There’s an argument that the pre-title sequence of The Spy Who Loved Me is the moment James Bond became one of the great British heroes—if not the level of Sherlock Holmes, at least greater than Bulldog Drummond or even Sexton Blake. After some plot points are set up, Bond’s introduced in a whirl of seduction, betrayal, excellent action filming, and great stuntwork culminating in mid-air drama resolved by an unconventional unfurling of the Union Jack. One report claims that at a screening attended by Prince Charles, he stood in salute at that climactic moment.
Whether that’s so or not, The Spy Who Loved Me is the strongest Bond film of the 1970s. After the well-paced opening, Bond’s sent to investigate the disappearance of British and Soviet nuclear submarines. His mission’s complicated by the Russians sending their best agent as well: Major Anya Amasova (Barbara Bach), code-named Agent XXX. The two of them adventure across Egypt, sometimes competing with each other and sometimes allying against the giant assassin Jaws (Richard Kiel), following a trail that leads to scientist and millionaire Karl Stromberg (Curt Jürgens). There are explosions, a car that turns into a submarine, a surprisingly effective character scene between Bond and Amasova, a climax aboard a disguised tanker, and a submersible base where Stromberg hopes to establish a new underwater civilization after annihilating the surface world in a nuclear war.
None of this is in Ian Fleming’s 1962 novel, barring a villain with unusual dental work. The book was hated by fans and critics (to me, it’s one of the more interesting Bond novels), and Fleming forbade adapting anything in it beyond the title. A number of scripters worked at coming up with a new story, including Anthony Burgess, comics scribe Cary Bates, and Gerry Anderson. Richard Maibaum did a draft trying to pull all the different takes together, and then Christopher Wood rewrote Maibaum’s work. Lewis Gilbert, director of You Only Live Twice, replaces Guy Hamilton, who’d directed the three previous films, and it makes a kind of sense as you watch it.
Ken Adam returns as production designer, and with Gilbert and cinematographer Claude Renoir the Bond franchise regains some visual interest. There’s a strikingly-lit scene among the pyramids that evokes a surprising sense of horror, a spectacular sun-drenched car chase in Sardinia, and a sub-capturing tanker with a grandeur that makes it a fine venue for a major action climax. Adam got tips on how to light the massive set from Stanley Kubrick, and sells the location as not merely enormous but threatening, with harsh illumination glinting on black metal and red-clad henchmen.
But none of that’s what makes the movie succeed, not really. Unusually for a Bond film, the movie works because of the chemistry between the two leads. You enjoy watching two supremely capable spies alternately betraying and working with each other, and enjoy watching the attraction between them grow. And you enjoy that nice character scene, where Amasova confronts Bond with his past actions, and you can see him considering the things he’s done and his justification for doing them.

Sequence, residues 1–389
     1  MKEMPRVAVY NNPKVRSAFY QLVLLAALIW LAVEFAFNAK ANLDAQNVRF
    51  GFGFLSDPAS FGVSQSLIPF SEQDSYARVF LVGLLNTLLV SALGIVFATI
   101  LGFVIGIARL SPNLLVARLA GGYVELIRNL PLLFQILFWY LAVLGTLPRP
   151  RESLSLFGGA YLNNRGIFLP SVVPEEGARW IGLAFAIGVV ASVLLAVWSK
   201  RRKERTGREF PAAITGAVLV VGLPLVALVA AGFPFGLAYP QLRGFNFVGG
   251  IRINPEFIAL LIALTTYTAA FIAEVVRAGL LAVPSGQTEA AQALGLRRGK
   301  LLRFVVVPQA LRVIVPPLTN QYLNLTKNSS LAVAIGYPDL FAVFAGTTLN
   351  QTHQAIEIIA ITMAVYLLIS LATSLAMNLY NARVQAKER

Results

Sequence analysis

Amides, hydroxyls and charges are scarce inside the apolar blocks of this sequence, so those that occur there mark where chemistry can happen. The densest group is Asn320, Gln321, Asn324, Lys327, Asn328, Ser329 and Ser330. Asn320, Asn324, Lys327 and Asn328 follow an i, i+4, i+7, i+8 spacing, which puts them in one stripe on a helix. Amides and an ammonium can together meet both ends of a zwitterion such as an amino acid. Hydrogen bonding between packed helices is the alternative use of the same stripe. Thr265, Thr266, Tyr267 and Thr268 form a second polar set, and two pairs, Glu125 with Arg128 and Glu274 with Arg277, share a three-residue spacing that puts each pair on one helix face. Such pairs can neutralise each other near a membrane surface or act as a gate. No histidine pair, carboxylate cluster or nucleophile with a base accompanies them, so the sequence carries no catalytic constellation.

Amasova is an interesting character. Much has been written about the depiction of women in the Bond films, and there’s a sense Amasova’s a healthy correction to the character of klutz supreme Mary Goodnight in the previous movie. The odd thing about the Bond films is that while the women in them are fantasy-figures who exemplify the film-critic term “male gaze,” the 20th-century Bond movies also often let them have more plot agency than was common for women characters in other action movies of their respective moments. So it is here—until that emotional scene with Bond’s self-reflection, after which Amasova’s importance fades and she’s captured by the baddie so Bond has somebody to rescue.
Perhaps it’s no coincidence that a sense of style returns to the Bond films in the same movie where Bond deals with a woman just about as strong-willed and competent as he is. Bond’s challenged on multiple levels, and possibly as a result the world around him becomes stranger, more dangerous, and more surreal. He fights a mute giant evoking both Dracula and Frankenstein’s Monster. He wanders into Egyptian ruins and finds an MI6 outpost—where a Russian general’s waiting for him.
And there are the gadgets, more than in the last couple of Bond films. The most notable is Bond’s Lotus Esprit, a sports car that takes off-road capability to a new level. A young Elon Musk apparently thought the car was the coolest thing in the world, and the design for Tesla’s cybertruck is based on the odd-angled vehicle. In fact the car looks like what the 1970s thought was cool, and so works in the context of this movie: this is the closest 1970s Bond gets to the spy-fi weirdness of the 1960s.
Similarly, the evil plot here is based on a high-tech fantasy, the evil Stromberg planning an undersea realm he’ll rule as dictator. But despite Curt Jürgens’ best efforts the part’s underwritten. The character never comes alive, a sketch of a villain more than an actual one. It’s a good idea, and again one must mention Musk: an evil billionaire who fantasizes about building a colony where human beings weren’t meant to live. Yet Stromberg has no development, no individuality, and not enough screen time to feel like a real threat.
At least there’s enough here to make an entertaining movie. The other Bond films of the 1970s always seem to be gearing up to fight the last war, trying to fuse James Bond with blaxploitation or kung-fu or science fiction. The Spy Who Loved Me has a few nods to Jaws, but is mostly content to be a strong, effective Bond film, one which suggests what the franchise might’ve become; how it could have built a world of Bondian high adventure for the 1970s and 1980s.